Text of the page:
I am starting a new series on DFTR called 5 questions. Once a week, I will showcase some of my favorite people by asking them differentiating questions. The goal is to give my readers an alternative view of the professional world through the eyes of those who have fought the good fight and won!
If you or someone you know would like to be part of this series just let me know.
Our first guest on the 5 Questions series is me....here is the transcription of an interview I did with myself on the car ride to work this morning. I hope you enjoy this guest, he is one of my favorite people!
1. You have made some professional adjustments that have really benefited you as a person. How did this work?
I was caught up in the corporate rat race. My goal was to climb the ladder of a large corporation. I wanted to align myself with the right people, accept additional responsibility, and bring attention to my achievements...it all back fired. I was young so I let the bravado of my motivation overwhelm my body of work. I was far too transparent in my ulterior motives and people got sick of me. When the light at the top of the ladder went dim, I had to switch careers.
I did a total career make over. I went from a large company to a smaller one, transferred from Technology to Human Resources, and started working from home. I made a commitment to let my work speak for itself. I stopped speaking up on conference calls and in meetings (unless called upon). I realized I had created a lot of extra, unnecessary stress in navigating my career path. When I let my work speak for itself the success wasn't forced. I saved a lot of time and a lot of hair follicles.
2. What do you enjoy most about working with HR Professionals?
I enjoy helping the more administrative team members develop confidence. There are folks who have been kept in generalists roles because of their lack of confidence. It's awesome to empower introverted people by helping them design a program (while giving them the metrics to defend their decision). I love it when a Senior Manager gives me a the 'go ahead' on a new program and the aforementioned catalyst is promoted.
3. Most Salesmen are fast talking jerks, how have you tried to avoid that stereotype?
I try to listen more than I talk, think with the customers mind, answer questions directly, make the solution applicable to a conveyed need, and to infuse some common sense.
As sales people, we tend to get hung up pretending to be product experts. Prospects don't care about our product knowledge, they care about how the product will fix a need, bring value to their company, and make their job easier. We get too hung up on touting our product without taking time to understand why (or if) our prospect needs what we're pushing. I hate to see a prospect ask a simple yes/no question and get a 10 minute product capability dump (that doesn't address their question). You wanna be a successful sales professional: listen and apply your solution to a conveyed need....and don't be afraid to say your product is incapable of doing certain things. Prospects appreciate salespeople who are not submissive to every request.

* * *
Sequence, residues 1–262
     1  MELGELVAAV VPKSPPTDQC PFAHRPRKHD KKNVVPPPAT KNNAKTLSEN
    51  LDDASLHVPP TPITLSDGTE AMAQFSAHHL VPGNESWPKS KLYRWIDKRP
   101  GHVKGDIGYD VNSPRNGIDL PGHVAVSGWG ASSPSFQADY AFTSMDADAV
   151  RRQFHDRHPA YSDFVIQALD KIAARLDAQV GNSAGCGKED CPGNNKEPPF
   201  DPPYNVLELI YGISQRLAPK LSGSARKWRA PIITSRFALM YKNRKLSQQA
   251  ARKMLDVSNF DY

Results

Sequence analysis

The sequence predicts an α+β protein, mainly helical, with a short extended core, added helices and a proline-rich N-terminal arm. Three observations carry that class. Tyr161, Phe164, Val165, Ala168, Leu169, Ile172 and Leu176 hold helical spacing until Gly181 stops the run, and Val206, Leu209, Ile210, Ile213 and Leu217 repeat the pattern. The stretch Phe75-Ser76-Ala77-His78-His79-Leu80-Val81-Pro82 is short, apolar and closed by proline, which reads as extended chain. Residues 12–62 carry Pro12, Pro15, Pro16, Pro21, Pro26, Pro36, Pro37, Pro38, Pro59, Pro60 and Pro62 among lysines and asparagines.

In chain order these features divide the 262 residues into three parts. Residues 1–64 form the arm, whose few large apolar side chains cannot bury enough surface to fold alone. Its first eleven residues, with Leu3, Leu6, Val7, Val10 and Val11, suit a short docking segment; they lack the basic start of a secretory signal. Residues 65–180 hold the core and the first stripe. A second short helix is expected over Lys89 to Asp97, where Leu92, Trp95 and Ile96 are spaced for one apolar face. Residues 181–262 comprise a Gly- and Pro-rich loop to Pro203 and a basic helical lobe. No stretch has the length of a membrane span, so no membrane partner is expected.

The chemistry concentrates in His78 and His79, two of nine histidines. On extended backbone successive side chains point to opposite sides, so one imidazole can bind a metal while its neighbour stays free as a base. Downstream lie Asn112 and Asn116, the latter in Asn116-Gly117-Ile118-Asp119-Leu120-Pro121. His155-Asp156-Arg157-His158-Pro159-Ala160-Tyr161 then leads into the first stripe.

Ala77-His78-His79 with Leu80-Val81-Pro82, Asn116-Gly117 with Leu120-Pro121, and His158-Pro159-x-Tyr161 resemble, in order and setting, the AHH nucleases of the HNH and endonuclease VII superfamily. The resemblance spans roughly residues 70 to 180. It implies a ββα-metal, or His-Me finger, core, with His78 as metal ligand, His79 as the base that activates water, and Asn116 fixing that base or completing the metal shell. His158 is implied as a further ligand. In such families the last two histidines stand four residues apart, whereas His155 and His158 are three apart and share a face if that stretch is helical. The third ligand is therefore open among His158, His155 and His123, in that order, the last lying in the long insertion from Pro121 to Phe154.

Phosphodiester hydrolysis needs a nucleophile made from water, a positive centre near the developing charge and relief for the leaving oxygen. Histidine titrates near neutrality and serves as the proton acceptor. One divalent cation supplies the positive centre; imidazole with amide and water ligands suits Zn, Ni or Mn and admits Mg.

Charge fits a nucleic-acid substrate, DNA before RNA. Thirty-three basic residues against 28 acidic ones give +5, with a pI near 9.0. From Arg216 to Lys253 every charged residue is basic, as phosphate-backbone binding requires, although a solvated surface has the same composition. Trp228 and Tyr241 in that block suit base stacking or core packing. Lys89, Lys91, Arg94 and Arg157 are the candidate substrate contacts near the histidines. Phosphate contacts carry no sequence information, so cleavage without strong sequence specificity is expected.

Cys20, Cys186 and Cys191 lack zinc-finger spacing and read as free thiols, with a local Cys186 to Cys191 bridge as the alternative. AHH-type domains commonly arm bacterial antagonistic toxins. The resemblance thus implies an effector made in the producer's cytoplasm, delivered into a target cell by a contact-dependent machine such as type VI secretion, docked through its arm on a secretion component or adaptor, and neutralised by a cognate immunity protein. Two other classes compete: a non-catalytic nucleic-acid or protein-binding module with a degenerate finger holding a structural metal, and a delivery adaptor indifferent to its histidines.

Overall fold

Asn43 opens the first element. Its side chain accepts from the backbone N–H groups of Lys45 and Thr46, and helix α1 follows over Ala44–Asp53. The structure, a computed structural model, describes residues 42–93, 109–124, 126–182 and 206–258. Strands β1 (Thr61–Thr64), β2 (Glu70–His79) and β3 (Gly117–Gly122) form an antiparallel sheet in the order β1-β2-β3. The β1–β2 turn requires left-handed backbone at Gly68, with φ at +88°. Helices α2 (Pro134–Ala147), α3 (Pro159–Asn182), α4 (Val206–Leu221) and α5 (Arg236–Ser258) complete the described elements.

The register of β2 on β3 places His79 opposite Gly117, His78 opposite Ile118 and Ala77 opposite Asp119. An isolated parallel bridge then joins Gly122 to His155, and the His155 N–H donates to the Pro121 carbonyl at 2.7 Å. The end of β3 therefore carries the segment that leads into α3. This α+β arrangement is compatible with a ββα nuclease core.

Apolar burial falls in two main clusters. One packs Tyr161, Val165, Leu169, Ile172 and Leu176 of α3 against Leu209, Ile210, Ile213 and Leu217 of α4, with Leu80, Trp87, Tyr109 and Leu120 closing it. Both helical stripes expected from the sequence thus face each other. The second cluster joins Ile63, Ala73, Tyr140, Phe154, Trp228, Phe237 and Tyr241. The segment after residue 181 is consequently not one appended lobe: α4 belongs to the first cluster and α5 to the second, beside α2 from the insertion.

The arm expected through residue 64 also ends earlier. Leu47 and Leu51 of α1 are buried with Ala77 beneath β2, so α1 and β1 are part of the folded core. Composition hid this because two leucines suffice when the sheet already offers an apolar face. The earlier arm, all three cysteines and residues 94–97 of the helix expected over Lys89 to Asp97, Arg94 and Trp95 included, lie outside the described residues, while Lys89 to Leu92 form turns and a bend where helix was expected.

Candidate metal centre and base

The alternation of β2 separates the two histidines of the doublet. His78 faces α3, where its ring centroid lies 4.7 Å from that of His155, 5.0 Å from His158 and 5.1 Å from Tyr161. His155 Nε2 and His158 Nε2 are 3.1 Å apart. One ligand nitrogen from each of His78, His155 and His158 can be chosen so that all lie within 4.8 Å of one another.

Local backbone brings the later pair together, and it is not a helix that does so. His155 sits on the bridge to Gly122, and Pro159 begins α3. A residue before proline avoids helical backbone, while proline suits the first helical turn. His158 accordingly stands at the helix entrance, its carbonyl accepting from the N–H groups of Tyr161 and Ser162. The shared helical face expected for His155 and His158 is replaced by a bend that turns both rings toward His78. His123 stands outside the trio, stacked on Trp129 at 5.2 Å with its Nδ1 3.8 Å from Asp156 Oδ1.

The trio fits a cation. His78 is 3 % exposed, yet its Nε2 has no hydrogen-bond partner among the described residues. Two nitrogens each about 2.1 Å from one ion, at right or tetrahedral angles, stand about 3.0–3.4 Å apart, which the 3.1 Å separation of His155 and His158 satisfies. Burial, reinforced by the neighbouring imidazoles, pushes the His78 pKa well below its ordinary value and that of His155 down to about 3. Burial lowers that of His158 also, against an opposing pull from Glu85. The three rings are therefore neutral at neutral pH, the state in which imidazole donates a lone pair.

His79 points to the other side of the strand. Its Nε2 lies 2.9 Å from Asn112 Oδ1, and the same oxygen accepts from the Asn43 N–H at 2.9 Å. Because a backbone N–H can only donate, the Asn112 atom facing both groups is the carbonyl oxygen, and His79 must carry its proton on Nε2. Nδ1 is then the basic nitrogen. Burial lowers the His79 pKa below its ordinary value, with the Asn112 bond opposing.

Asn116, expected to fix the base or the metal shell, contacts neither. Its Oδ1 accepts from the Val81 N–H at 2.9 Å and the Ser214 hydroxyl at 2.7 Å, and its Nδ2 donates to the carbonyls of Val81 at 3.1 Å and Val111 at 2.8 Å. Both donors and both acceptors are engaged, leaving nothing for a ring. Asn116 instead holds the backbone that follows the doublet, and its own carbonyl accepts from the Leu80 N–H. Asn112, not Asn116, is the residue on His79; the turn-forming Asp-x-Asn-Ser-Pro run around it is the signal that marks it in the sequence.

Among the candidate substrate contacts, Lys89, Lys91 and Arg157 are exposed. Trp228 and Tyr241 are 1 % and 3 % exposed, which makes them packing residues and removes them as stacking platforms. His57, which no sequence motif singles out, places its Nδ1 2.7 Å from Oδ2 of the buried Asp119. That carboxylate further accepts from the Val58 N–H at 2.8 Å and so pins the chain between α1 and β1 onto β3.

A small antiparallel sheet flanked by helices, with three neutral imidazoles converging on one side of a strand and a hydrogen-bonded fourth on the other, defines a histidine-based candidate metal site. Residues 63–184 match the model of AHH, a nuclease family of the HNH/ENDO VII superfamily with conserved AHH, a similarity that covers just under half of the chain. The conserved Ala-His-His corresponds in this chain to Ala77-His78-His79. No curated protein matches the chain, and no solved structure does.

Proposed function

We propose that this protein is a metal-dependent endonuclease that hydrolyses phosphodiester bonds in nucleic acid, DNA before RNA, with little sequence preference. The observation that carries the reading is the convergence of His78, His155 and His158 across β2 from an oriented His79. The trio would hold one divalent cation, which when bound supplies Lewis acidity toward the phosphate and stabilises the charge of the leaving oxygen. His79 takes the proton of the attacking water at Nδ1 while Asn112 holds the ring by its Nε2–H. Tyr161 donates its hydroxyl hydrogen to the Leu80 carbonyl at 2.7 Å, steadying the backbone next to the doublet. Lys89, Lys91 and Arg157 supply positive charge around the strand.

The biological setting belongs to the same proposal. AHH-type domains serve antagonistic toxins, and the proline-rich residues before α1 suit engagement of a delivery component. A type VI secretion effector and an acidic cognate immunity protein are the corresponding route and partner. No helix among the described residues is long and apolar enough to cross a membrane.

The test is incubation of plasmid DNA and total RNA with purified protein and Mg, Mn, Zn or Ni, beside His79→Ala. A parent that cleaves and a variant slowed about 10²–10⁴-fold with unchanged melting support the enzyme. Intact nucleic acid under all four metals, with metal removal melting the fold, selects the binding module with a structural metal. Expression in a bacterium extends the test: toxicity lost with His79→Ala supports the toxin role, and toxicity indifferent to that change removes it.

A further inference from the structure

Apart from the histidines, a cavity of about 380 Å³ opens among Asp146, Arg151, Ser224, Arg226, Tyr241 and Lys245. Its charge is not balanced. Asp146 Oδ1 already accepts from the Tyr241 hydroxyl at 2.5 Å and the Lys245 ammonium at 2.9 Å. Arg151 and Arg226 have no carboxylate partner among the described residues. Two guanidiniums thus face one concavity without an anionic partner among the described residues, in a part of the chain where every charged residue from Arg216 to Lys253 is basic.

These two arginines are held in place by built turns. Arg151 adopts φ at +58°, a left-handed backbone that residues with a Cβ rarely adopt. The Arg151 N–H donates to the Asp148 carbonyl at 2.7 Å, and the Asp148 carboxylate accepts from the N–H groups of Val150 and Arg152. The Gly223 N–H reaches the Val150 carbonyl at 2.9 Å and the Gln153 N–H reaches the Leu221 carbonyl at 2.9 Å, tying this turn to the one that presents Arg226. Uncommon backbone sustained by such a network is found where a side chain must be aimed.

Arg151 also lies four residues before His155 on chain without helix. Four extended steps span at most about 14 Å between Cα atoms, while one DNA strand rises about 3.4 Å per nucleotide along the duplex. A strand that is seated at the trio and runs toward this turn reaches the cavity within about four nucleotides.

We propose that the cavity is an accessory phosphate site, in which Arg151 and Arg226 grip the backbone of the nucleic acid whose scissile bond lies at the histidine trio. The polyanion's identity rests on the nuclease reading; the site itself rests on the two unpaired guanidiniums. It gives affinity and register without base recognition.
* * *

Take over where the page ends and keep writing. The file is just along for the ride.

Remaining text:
4. What are the latest trends in the world of Employee Recognition?
Who cares! Our industry tends to lack creativity. We latch on to themes like Employee Engagement and Motivating Millennials and we pretend we have a one size fits all solution. I don't believe there is such thing as an industry expert and I don't believe in best practices. Every industry, company, and employee have unique identities...trying to throw a blanket over it, makes consulting a commodity.
5. You are a big fan of sports and music. How do your personal preferences relate to your profession?
It's all about inspiration. I love the thrill of victory. Seeing the underdog overcome pre-conceived adversity makes me believe I can do anything. It's the same with music. I listen to Bon Iver and the sound scape opens my soul...I instantly forget the mundane pressures of life and I am filled with purpose for the moment. The challenge is always remembering the great stuff. Music and sports help me remember how amazingly awesome I can be.
Life is good for Dave! He lives to work because he loves his work. He loves his work because he takes no detail too seriously, has great relationships, and celebrates the strengths in everyone around him.
Next week we will talk to another amazing professional with genuine intent. Until then...
Don't Forget to Remember!